Lots to learn from dead whales: biologist

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Josh Pennell
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DFO, museum may take ownership of remains

The tide turned quickly on two endangered blue whales whose carcasses washed up recently in the small communities of Trout River and Rocky Harbour. What would have been considered a magnificent sight when alive turned to a tragic one when they were spotted floating in Bonne Bay.

They have since become a nuisance and health hazard. The whales are believed to be two of nine that were crushed in the ice off the southwest coast of the island. The Department of Fisheries and Oceans (DFO) has taken samples from the whales and is planning on doing so with the others if they become accessible.

Tonya Wimmer, a biologist with the Marine Animal Response Society, says groups need to come together to learn more from the dead whales.

“Anytime we have an opportunity to learn I think we need to take it. And I think in particular when it comes to species at risk, I think we actually have a responsibility to take it,” she says. “We need to understand in order to know what actions to take.”

Wimmer suggests that while samples are certainly beneficial, a more thorough necroscopy would help scientists learn a lot more about the animals and how they died. Building as much knowledge as we can about species at risk may mean the difference between their survival and their extinction, she says.

The debate over who’s responsible for such a valuable specimen isn’t what’s important, Wimmer says.

“At this point it’s not really about placing blame. It’s about doing what we need to do and doing what’s right for either helping the animal or understanding it.”

While it’s expected that this whale and the others were crushed in ice, Wimmer suggests taking it for granted may not be wise.

“Maybe there are things that we can look at to confirm that just so we know.”

If nothing else, she says, we can learn more about the internal signs that suggest such a death for future carcasses that wash ashore. And while there’s no legal requirement to do an autopsy the animal, she adds there’s a general understanding particularly of the value to do it.

 

Whose whale is it anyway?

Now that they’re ashore, the remains have become the responsibility of the municipalities of Trout River and Rocky Harbour. But how a small community is going to deal with 80 tonnes of rotting whale has been making international headlines.

DFO announced Wednesday evening that it is working on an agreement with a Canadian museum to take ownership of the whales.

That potential agreement aside, beached whales belong to muncipalities.

“I’m not totally surprised in the response that this is now a municipal issue,” says Wimmer.

Canada still doesn’t quite have its act figured out when it comes to this stuff, she says. There’s a fine line between when the whale is a federal responsibility and when it becomes a municipal one.

Some people have found the humour in it, though. There’s even a website called hasthewhaleexplodedyet.com. Other people on Facebook are taking bets on when the swelling creatures may blow.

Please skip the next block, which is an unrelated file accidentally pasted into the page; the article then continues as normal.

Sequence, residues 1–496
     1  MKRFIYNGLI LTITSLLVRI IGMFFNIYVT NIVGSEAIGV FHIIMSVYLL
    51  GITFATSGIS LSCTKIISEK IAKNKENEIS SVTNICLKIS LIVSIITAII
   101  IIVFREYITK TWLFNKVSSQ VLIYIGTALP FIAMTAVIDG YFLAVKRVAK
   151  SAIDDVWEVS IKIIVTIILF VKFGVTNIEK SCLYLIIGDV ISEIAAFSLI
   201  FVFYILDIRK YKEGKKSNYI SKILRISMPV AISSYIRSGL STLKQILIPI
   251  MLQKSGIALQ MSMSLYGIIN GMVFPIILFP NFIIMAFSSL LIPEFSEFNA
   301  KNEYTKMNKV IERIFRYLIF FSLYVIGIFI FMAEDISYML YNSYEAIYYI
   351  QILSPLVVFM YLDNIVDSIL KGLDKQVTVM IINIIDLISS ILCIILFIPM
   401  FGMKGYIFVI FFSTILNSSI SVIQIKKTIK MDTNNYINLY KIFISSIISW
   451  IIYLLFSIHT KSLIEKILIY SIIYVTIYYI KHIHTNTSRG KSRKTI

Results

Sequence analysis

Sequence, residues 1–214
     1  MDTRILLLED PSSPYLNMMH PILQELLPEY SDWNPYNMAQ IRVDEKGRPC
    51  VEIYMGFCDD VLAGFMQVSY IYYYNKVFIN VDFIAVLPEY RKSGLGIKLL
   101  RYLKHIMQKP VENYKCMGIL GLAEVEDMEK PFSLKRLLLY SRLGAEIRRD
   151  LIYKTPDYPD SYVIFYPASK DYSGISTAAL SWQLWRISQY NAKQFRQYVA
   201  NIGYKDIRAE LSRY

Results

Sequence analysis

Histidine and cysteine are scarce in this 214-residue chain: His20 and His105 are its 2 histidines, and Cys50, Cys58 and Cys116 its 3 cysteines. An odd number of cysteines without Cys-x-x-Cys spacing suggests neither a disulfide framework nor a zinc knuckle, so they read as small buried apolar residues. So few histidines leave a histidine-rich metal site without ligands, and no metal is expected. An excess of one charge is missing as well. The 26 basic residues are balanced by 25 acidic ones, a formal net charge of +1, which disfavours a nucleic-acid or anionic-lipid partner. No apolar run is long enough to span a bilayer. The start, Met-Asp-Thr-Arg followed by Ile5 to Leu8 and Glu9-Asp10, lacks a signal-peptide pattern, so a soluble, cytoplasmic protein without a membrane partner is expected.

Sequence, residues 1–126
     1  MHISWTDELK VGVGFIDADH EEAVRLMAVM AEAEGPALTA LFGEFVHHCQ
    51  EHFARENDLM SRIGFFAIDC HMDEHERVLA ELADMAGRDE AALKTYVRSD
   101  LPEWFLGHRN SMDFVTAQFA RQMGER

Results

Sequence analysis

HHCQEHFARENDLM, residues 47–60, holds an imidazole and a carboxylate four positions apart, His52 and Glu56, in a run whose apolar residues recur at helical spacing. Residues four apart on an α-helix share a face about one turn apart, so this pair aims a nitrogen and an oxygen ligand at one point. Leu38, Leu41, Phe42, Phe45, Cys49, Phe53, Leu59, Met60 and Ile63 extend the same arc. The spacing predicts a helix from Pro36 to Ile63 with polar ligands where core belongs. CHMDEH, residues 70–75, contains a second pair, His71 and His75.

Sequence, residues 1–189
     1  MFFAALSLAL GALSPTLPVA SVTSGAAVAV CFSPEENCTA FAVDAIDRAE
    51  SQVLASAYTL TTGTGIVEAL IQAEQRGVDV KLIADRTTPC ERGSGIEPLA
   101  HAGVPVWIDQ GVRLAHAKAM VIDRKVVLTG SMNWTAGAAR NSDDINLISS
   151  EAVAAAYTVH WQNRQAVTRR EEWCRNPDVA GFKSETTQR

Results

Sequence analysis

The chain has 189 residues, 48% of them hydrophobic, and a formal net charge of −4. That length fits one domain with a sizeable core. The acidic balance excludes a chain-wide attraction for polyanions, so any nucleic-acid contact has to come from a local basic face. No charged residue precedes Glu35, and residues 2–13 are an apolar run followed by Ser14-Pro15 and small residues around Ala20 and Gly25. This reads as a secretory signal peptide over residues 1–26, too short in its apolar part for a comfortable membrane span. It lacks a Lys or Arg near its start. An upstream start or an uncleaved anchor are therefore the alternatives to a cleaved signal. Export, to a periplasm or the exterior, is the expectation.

Which begs the questions: can that actually happen?

“The whole idea that it could just blow up is mostly a myth. That’s not to say it hasn’t happened in the past under extreme conditions,” says Wimmer. “You can essentially fit two to three to four elephants in a full-grown blue whale’s mouth when they have it fully expanded, so they have a lot of room to have gases build up.”

Those gases have places through which to escape, though.

“But the biggest thing is if people are poking at it, if they’re walking on it, if they’re near the animal doing something to it then, yeah, you’re increasing the chances of it potentially blowing up,” she says.

When doing a necropsy on such bloated beasts, scientists need to be very careful where they initially cut to let gases out, Wimmer says, comparing it to letting the air out of a tightly filled balloon without popping it.

She says safety aside, there are other reasons people shouldn’t go near the whale.

“The other thing, on the other side, is it’s a tad bit disrespectful. This is an endangered species. This is an (individual) that probably died in not a great way. People walking all over them is really just not tactful,” says Wimmer.

The debacle over who deals with the whale and the fact that so little up to this point has been done to study the carcasses all points to the fact that Canada really has a long way to go in trying to figure out how to deal with these responses, she adds.

The elephant in the room, if you will, is still about making the most of a rare and tragic event. Nine dead specimens from an endangered species will not likely present themselves again.. Wimmer says there are a lot of groups with the knowledge to do great work with these carcasses.

“We just need to see the commitment and the co-ordination and the effort to actually want to do this stuff, and I think that’s a bit what we’re lacking at this moment,” Wimmer says.

 

josh.pennell@thetelegram.com

Organizations: Department of Fisheries and Oceans, Marine Animal Response Society

Geographic location: Canada, Trout River, Rocky Harbour

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